The U.S. Department of Justice (DOJ) awarded $500,000 worth of taxpayer money to an anti-human trafficking group with the name “Hookers for Jesus” and another half-million to a group known as the “Lincoln Tubman Foundation,” even though other, more reputable groups had been recommended to receive the funding, Newsweek reports:
“A September 12 internal DOJ memo recommended that the grant money go to the Catholic Charities of the Diocese of Palm Beach and Chicanos Por La Causa of Phoenix, according to an exclusive report by Reuters. The recommendations were based on reviews from outside contractors. Instead, the grant money went to two organizations the contractors gave lower ratings: Hookers for Jesus and the Lincoln Tubman Foundation.
“The funding decision was made in order to ‘distribute funding across as many states as possible,’ according to a September 23 memo obtained by Reuters. Head of the Office of Justice Programs, Katharine Sullivan, approved the decision, telling Reuters, “Our funding decisions are based on a merit-based review system.”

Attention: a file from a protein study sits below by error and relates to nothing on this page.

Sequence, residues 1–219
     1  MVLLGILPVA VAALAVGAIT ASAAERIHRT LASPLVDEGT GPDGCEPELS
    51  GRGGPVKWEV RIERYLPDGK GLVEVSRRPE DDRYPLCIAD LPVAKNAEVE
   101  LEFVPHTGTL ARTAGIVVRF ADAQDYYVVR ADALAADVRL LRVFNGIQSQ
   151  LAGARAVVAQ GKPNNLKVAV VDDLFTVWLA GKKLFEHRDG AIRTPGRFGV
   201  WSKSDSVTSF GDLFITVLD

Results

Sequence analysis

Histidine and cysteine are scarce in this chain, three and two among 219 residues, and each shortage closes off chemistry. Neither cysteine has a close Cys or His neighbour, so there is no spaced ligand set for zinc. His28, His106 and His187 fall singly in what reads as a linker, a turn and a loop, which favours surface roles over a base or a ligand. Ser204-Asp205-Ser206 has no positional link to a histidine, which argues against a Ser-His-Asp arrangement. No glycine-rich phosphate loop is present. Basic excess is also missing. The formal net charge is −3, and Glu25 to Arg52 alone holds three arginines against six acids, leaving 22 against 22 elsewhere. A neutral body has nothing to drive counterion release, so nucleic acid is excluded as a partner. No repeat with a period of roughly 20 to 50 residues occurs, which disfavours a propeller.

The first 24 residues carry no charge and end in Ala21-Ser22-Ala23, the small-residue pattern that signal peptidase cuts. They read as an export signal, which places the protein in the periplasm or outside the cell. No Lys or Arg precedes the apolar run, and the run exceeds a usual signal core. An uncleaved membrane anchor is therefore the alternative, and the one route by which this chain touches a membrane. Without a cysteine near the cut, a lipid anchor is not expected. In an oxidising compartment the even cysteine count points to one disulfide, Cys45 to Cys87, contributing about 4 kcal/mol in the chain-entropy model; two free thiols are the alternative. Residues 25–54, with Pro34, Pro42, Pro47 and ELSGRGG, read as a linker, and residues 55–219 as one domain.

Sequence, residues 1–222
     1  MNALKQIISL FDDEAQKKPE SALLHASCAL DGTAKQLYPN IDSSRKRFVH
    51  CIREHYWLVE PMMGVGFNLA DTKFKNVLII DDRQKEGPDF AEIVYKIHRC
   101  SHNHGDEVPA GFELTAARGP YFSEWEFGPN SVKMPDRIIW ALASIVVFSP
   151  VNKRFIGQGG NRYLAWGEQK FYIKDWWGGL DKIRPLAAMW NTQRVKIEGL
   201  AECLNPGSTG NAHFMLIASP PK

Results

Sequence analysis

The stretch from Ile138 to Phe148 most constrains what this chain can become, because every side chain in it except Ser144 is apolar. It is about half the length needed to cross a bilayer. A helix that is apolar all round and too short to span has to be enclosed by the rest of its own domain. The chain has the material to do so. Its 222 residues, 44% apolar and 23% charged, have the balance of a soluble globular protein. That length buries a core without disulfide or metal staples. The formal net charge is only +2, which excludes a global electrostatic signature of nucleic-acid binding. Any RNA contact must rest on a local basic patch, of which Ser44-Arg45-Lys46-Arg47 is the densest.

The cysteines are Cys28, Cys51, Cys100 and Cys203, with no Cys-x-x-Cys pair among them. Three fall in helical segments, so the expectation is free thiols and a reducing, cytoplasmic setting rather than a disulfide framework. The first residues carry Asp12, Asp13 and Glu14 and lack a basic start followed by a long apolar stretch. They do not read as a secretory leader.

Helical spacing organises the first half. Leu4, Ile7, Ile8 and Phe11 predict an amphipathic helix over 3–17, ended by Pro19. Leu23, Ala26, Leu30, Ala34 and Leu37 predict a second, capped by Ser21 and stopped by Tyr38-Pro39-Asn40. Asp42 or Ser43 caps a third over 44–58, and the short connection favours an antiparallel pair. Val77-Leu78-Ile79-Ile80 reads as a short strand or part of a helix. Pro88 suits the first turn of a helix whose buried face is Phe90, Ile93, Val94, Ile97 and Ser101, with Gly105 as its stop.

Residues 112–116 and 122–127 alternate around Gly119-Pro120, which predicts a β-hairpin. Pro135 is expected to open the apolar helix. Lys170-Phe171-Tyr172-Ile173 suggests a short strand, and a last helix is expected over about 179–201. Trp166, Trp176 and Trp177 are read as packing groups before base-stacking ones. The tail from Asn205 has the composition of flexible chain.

Hookers for Jesus, it should be noted, bills itself as a Christian organization and was founded in 2007 by Annie Lobert, who had been a victim of human trafficking. It operates Destiny House, a safehouse for human trafficking victims.
But some of the restrictions placed on those who stay at the safehouse have been criticized:
“Lobert’s organization, which was given $530,190 over three years, is controversial due to its strict rules in the safehouse, banning ‘secular magazines with articles, pictures, etc. that portray worldly views/advice on living, sex, clothing, makeup tips,’ and mandatory attendance of the organization’s religious services. However, Lobert denies that the house’s residents are forced to attend services.”
The organization’s staff manual also calls homosexuality immoral and may be in violation of federal anti-discrimination laws.
The Lincoln Tubman Foundation is also being called into question for the grant money given to it, even though it is said to have “little to no experience” in the field of helping victims of human trafficking, according to DOJ memos attached to the recommendation of funding. The headquarters for the group is in a mansion owned by the parents of the group’s founder, Brooke Burris, who told Reuters she is currently trying to find office space.
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